Washington’s Attorney General Takes Both Sides of Tort Reform Issues (Part 1)

Washington State’s Attorney General Rob McKenna recently campaigned for tort reform, claiming that the legislature needed to step in and reduce the awards that were being entered against the state. He indicated that the courts were out of control and the legislaure needed to do something about it:

“But the courts have moved so far away from what the Legislature intended back in the early 1960s that the law removing sovereign immunity is no longer recognizable, and at the same time the Legislature has failed to act at a policy level where the limits ought to be.”

Mr. McKenna got into office advocating tort reform for everyone, saying that judgments were getting too big.

That sounds to me like just expedient court bashing. He says lawsuits are preventing the state from taking corrective action? That sounds like baloney.

Well, what did he do when the Exxon Valdez case got to the Supreme Court and the Court was asked to review the biggest punitive damages award in American history, $5 billion? This award was being attacked on two grounds. First, Exxon said that it was excessive. The plaintiffs were awarded all their proven damages, plus $5 billion. Second the spill was a violation of the federal Clean Water Act which does not award punitive damages at all. This omission from the law was fought for by Republicans, who generally are beyond cautious with respect to environmental laws. The $5 billion punitive damages award was granted under court created doctrine that the trial judge held applied in spite of the Clean Water Act.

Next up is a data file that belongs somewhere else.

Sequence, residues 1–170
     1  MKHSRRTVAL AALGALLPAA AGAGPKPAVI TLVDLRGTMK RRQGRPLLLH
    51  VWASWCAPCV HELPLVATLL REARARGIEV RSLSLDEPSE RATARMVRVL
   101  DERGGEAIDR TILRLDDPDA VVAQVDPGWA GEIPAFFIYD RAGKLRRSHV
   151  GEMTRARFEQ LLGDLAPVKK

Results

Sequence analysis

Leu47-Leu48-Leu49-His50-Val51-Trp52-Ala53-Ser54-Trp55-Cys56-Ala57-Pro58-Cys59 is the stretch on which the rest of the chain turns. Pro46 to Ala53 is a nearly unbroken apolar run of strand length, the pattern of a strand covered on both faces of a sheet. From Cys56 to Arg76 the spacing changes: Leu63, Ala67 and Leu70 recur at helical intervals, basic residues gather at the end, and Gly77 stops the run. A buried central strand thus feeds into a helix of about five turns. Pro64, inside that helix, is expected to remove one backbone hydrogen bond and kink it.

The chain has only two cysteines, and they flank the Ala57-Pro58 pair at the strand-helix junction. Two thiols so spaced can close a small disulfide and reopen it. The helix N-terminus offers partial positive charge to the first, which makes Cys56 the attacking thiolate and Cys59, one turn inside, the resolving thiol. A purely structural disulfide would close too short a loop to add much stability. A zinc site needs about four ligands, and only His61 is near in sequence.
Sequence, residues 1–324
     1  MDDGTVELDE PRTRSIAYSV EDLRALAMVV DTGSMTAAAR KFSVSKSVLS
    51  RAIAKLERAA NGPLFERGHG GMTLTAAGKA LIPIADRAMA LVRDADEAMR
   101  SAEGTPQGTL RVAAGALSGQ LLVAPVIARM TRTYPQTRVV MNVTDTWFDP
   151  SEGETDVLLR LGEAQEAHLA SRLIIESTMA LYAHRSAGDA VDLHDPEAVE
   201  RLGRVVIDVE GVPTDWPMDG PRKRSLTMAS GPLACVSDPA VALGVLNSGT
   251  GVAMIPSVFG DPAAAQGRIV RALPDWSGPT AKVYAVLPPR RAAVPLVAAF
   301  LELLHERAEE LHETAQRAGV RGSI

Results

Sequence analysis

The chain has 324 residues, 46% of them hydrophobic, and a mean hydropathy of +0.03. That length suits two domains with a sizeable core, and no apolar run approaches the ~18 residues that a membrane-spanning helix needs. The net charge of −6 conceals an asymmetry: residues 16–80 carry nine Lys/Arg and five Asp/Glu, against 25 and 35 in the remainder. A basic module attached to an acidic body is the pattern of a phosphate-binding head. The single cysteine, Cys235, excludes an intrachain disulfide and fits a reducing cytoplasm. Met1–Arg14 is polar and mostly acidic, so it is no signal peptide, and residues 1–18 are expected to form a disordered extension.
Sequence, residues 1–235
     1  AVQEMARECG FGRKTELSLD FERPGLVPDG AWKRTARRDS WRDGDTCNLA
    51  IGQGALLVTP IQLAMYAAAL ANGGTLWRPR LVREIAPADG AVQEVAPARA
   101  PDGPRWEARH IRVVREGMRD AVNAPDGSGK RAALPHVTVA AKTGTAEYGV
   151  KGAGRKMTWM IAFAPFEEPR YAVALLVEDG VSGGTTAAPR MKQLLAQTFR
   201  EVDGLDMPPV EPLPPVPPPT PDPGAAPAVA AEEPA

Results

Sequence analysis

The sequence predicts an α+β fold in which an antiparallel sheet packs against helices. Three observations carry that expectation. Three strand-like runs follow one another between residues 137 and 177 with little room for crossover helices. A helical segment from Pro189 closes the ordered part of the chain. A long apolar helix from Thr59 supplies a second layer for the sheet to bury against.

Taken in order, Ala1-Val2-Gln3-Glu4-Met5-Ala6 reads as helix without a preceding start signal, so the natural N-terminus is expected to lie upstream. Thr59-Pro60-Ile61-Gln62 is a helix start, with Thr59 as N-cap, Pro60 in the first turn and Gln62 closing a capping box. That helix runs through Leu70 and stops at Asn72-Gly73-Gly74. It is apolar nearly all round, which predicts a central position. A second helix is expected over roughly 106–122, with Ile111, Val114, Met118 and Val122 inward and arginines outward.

The arguments of Exxon are exactly the same positions that Mr. McKenna campaigned on and which he has been advocating recently.

Mr. McKenna participated in this case by helping prepare a brief on behalf of Washington and 33 other states which argued that the punitive damages award should not be reduced and that the court created doctrine that allows punitive damages ought to be respected in spite of contrary language in the Clean Water Act. This is exactly the opposite of what he is saying in public.

Lawyers are sometimes required to advance positions they do not believe in but this does not appear to be the case in this instance. Mr. McKenna is crowing about the result and how he helped preserve punitive damages under court created doctrine!

The statement he issued on June 25 says this:

“We are pleased the court upheld an award of punitive damages, since Exxon had argued that no punitive damages can be awarded in a maritime case under federal law, no matter how egregious the circumstances,” McKenna said. “We are disappointed, however, that the Court did not award the full punitive damages authorized by the Court of Appeals. The reduced award is brutally disappointing for the Washington and Alaska fishermen and their families who were counting on this money to help make them whole.”

Don’t get me wrong; I don’t disagree with this sentiment. It is just that because I agree with him, I cannot in good conscience claim to support tort reform, particularly the two points championed by Exxon and Mr. McKenna in public statements.

I have puzzled over this for some time trying to render Mr. McKenna’s divergent positions rational. The only thing I can come up with is that Mr. McKenna thinks that punitive damages are fine for injured people in other states but not for people in Washington, except for fishermen. That still does not make sense to me.

Washington’s Attorney General Takes Both Sides of Tort Reform Issues (Part 1)

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